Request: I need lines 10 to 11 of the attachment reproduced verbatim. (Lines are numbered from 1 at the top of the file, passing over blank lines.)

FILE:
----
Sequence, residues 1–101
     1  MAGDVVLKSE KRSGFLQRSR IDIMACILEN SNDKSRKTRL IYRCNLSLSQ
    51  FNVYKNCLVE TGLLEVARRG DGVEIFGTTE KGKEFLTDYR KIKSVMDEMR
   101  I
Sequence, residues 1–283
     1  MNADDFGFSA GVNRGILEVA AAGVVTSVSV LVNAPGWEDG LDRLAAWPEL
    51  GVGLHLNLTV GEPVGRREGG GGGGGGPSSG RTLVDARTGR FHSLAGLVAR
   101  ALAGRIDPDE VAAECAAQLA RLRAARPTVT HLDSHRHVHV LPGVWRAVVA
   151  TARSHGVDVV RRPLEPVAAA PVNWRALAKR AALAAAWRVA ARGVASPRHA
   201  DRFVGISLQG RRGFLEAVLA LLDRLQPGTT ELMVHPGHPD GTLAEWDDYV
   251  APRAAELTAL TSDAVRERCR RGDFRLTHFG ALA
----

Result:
   201  DRFVGISLQG RRGFLEAVLA LLDRLQPGTT ELMVHPGHPD GTLAEWDDYV
   251  APRAAELTAL TSDAVRERCR RGDFRLTHFG ALA